REVIEW: The Clubhouse Theatre’s ‘Topdog/Underdog’ explores highly charged sibling rivalry

Screen Shot 2018-12-19 at 12.12.55 AM.pngSibling relationships are often fraught and complicated.

And in case the holidays aren’t doing quite enough to remind you of this fact, you could also see The Clubhouse Theatre’s gripping production of Suzan-Lori Parks’ Pulitzer Prize-winning play,“Topdog/Underdog.”

The two-hander focuses on two brothers, pointedly named Booth (Nigel Tutt) and Lincoln (Brian Marable, also the show’s director). Their father reportedly cooked up these names as a joke, but Link, at the play’s start, holds a (surreal) job that requires him to impersonate his Presidential namesake, wearing whiteface, an artificial beard, and a stovepipe hat as arcade patrons shoot blanks at him. Booth, meanwhile, shoplifts everything he can get his hands on; pursues a local hottie named Grace; lets Link temporarily move in after his marriage falls apart; and longs to become the Three Card Monte master Link had once been, before his “right hand man” was killed and he left the con behind.

Link refuses to share his card secrets with Booth, though, and when Link loses his job, the two end up in a tense, winner-takes-all game that will forever alter their lives.

The Clubhouse Theater, located at 10717 W. McNichols Rd. in Detroit, is part of a largely dark strip you might drive by a time or two before spotting the letters “CHT.” Having opened its doors at the start of 2018, Clubhouse now has four productions under its belt; and according to a program note, artistic director Marable, a Cass Tech and Wayne State grad, has long dreamed of opening a theater in the area where he grew up.

And CHT’s concrete, hardscrabble context – its neighborhood, as well as the performance space itself – do lend added resonance to Parks’ drama, which is haunted by the historical cross-section of race and power. Typical sibling rivalry tensions thus get amped up to astronomic levels, so that even though the brothers love and need each other (in both cases, they’re really all each other has), they also both feel an urgent need to establish themselves as the male alpha.

Hence the play’s title.

And Booth is clearly the underdog from the get-go. His ham-fisted-but-determined card-work, and too-strenuous sales pitch, underscore this, particularly when compared to Link’s silk-smooth motions and patter.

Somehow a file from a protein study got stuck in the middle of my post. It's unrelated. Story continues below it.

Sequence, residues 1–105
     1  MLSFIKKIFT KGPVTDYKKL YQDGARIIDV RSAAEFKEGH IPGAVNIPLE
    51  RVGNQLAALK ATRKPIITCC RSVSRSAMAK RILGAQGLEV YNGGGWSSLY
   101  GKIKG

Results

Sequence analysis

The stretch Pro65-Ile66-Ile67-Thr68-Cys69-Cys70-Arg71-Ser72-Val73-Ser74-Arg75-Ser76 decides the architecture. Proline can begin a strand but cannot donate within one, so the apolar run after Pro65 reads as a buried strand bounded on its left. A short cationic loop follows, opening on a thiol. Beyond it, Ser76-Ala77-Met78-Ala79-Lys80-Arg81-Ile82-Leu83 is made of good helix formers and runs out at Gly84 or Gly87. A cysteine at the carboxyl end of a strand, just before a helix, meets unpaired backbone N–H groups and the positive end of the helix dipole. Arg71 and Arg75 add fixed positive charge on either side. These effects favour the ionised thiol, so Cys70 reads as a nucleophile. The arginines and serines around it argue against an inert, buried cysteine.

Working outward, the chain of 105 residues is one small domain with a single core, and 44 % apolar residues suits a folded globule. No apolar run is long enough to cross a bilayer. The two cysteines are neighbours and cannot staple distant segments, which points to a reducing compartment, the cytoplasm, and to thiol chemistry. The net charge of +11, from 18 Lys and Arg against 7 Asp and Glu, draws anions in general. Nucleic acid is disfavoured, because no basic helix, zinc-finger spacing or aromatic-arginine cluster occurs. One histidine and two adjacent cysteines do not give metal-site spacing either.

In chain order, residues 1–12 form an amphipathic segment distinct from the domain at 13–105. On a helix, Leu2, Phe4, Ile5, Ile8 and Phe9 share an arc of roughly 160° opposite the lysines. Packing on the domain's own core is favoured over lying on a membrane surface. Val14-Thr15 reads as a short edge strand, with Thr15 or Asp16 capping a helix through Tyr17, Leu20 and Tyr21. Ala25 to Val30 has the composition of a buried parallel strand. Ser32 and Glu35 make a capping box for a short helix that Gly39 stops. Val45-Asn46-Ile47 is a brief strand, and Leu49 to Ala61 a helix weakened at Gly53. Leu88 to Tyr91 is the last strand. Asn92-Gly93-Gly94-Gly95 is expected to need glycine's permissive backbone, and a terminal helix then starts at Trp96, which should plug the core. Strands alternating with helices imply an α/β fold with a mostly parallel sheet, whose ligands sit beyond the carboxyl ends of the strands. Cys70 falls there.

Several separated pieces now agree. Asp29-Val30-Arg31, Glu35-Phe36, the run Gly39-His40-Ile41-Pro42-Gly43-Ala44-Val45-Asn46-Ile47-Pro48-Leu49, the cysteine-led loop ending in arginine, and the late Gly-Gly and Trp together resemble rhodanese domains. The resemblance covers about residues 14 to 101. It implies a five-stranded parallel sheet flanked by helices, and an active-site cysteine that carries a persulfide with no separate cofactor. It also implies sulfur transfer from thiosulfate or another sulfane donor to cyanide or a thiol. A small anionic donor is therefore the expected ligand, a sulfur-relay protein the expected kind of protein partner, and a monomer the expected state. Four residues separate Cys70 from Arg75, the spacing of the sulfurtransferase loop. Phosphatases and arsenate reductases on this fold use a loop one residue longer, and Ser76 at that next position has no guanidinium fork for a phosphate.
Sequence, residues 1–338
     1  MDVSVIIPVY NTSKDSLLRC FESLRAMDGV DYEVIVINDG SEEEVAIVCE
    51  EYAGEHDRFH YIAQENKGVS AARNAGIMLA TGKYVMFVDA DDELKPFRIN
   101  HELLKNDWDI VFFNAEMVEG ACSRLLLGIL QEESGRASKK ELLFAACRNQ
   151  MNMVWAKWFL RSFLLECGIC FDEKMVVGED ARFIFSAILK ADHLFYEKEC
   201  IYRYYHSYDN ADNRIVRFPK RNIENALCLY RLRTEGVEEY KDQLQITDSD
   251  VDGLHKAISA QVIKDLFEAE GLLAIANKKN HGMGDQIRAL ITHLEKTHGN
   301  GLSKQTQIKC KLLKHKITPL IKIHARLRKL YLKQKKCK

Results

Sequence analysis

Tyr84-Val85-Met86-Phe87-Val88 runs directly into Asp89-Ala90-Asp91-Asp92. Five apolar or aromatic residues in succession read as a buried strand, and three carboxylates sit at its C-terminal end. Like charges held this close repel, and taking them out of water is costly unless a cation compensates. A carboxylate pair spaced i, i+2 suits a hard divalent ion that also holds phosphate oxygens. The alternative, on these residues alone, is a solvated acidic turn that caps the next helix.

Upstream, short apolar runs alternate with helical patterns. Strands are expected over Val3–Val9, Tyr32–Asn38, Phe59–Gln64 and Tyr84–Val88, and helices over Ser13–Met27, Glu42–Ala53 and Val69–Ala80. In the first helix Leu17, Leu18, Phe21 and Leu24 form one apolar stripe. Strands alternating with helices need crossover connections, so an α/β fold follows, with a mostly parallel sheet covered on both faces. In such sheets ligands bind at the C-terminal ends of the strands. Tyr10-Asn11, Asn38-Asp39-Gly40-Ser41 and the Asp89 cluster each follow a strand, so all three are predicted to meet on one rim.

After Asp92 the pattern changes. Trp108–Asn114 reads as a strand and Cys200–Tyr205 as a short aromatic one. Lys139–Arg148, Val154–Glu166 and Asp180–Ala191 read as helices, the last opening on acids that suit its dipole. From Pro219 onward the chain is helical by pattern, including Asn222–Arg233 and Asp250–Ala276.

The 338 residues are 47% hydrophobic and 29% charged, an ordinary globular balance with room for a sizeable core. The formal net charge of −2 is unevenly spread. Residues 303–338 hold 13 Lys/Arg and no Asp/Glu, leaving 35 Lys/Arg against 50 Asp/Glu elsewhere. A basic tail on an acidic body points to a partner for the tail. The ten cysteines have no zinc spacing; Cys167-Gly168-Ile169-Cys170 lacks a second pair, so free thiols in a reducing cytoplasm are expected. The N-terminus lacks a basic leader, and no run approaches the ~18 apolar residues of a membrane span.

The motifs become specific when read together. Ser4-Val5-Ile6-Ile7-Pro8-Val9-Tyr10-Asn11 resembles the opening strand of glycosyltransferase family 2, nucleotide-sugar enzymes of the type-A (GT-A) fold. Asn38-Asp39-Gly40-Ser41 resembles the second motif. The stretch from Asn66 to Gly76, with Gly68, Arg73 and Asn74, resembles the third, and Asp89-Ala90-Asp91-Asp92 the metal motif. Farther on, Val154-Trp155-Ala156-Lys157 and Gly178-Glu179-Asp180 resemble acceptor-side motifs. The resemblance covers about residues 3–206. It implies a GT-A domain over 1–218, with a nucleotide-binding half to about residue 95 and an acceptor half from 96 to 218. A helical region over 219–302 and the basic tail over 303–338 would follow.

Tutt and Marable masterfully execute these key moments of brotherly contrast without ever pushing too hard, so the audience simply registers the difference as a natural outgrowth of character. Tutt’s Booth is always subtly simmering, so that even as he’s dismissing something as no big deal, or proudly displaying shoplifted clothes, or telling what seems to be a boastful lie, you get the sense that Booth can never quite drown out the cruel, self-loathing loop playing in his own head. Marable, meanwhile, makes Link a man wholly accustomed to being one-up on his little brother. This “natural order” is something from which Link draws comfort, and when Booth aims to leapfrog Link, the audience sees, in Marable’s eyes, that a fire has been lit, despite the actor’s seemingly assured, measured demeanor. It’s nothing short of a clinic in the power of restraint.

As a side note, I saw Marable in this same role in 2010, when I reviewed the now-defunct Blackbird Theatre’s production of “Topdog” in Ann Arbor. He gave a good performance then, but his skills have deepened and matured in the interim, so the Clubhouse’s take will likely be the one that sticks with me over the long haul.

And the Clubhouse seems to be quite a family affair. Skyler Marable is listed as “Topdog”’s technical director, while Robert Marable (Brian’s uncle) designed the fittingly spare set. I must say, it’s heartening to see not only a family working together to build something within a community, but also an artist working hard to bring art – good art, at that – to his own neighborhood. His place of origin.

Since this may well be the last theater review I ever write, after 15 years, I must confess that this feels like a potentially hopeful coda. Theater companies, particularly in Michigan, have always had to fight hard just to survive, figure out ways to get patrons out, and then somehow make magic on next-to-nothing budgets. Clubhouse is among the newest theater companies in the area to launch, despite this daunting climate – an artistic leap of faith that continues to inspire awe in me each time it happens.

So here’s hoping that in CHT’s case, as well as other new companies in Michigan, art will out.

The Clubhouse Theatre has added a performance of “Topdog/Underdog” on Sunday, December 23 at 2 p.m.

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